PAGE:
A few weeks ago, I had fun in this column commenting on the prolific use of pizza as a search term when discussing online yellow pages. I commented that you could easily walk away from most any yellow pages conference convinced that the industry was totally consumed with helping Americans locate the nearest pizzeria and obtaining the right mix of toppings.
But a recent announcement by Yellowpages.com, the yellow pages joint venture of BellSouth and AT&T really takes the cake, errr, pie. It seems yellowpages.com, with great fanfare, is introducing aerial photos along with its maps. They may not be able to tell you what a business does, but they can now show you the top of its building. If you like to select your pizzeria by type of roofing material, run don't walk to yellowpages.com. After all, if a pizzeria can't top its store properly, how can it top your pizza properly?
A cheap shot for a quick laugh? You bet. But I am also trying to make a point. Look at the big announcements by yellowpages.com since it was created: a distribution deal with AOL (more traffic); a distribution deal with Yahoo (more traffic) and still another neat and cool but not particularly useful site attraction (aerial maps).
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Too many data publishers are still caught up in this "traffic treadmill," spending ever-increasing sums to drive ever-increasing numbers of eyeballs against mediocre datasets, because advertisers value the traffic, not the content. Trouble is, users value the content, not the traffic, and you don't have a sustainable business unless you address both sides of the equation.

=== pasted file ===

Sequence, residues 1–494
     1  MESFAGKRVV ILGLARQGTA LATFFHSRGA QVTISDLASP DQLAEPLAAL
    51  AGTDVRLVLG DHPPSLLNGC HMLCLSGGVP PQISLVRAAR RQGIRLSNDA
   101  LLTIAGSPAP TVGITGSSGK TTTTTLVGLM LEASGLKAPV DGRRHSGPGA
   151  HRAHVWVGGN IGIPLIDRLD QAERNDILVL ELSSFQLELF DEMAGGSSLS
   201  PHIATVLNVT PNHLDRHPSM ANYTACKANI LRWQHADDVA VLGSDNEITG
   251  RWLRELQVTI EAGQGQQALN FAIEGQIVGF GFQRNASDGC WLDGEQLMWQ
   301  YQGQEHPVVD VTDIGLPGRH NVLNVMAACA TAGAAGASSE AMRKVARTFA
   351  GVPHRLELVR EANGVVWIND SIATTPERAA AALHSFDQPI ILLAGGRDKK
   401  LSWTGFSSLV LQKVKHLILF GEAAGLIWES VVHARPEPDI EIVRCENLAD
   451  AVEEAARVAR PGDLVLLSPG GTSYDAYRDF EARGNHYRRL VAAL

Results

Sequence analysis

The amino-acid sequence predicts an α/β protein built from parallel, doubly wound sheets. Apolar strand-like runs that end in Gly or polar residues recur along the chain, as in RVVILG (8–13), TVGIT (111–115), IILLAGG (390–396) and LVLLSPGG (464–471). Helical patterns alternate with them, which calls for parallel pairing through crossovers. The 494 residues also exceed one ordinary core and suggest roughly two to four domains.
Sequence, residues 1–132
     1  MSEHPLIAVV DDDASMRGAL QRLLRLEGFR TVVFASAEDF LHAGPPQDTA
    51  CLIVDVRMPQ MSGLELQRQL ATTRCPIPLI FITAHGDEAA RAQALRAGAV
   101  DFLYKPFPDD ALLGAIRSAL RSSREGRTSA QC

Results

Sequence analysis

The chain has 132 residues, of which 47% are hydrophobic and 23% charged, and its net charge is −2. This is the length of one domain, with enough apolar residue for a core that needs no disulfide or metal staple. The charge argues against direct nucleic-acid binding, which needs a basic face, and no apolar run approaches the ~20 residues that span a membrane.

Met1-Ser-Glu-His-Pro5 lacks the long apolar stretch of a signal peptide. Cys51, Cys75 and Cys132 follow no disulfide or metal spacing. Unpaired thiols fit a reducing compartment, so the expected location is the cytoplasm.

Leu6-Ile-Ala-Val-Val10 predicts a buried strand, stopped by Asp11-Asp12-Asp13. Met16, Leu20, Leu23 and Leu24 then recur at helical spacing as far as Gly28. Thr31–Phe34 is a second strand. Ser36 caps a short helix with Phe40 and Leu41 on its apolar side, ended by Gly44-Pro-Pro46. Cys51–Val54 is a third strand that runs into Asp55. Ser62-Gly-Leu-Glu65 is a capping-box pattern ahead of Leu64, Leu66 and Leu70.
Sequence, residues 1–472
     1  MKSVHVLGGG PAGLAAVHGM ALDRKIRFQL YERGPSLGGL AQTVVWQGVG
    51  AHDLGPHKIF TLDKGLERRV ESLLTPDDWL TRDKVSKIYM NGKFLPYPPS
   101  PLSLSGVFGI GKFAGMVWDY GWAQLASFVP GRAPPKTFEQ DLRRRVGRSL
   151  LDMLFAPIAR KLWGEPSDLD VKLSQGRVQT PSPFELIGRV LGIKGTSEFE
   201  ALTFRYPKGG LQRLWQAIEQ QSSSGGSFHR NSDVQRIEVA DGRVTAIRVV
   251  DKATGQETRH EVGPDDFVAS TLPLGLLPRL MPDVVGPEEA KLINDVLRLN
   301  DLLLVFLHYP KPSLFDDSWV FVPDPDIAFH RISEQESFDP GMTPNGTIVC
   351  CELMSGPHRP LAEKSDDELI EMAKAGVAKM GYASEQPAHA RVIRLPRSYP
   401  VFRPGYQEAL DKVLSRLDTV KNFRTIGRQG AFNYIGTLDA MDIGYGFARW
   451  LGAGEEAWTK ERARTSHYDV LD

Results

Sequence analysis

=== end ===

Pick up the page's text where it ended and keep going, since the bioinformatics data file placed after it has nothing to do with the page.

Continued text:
We've all now acknowledged that the power has shifted to the user, which means we have to serve the user with quality content. The problem with the big online yellow pages is that they are a mile wide and an inch deep. With no history of collecting, or for that matter valuing, content it's not surprising that they lean to bolt-on gimmicks like aerial photos. Trouble is, if you can affordably license content like this, so can others, so value and differentiation disappear quickly.
Here's a thought for the big online yellow pages publishers. Take the fat license fees you are paying for all these fancy site gimmicks and start calling the businesses in your database. Collect a bit more detail on what they sell and when they're open -- just the basics. Add this information to your database. Watch the increased user traffic and satisfaction that will follow. I guarantee a result you won't be able to top.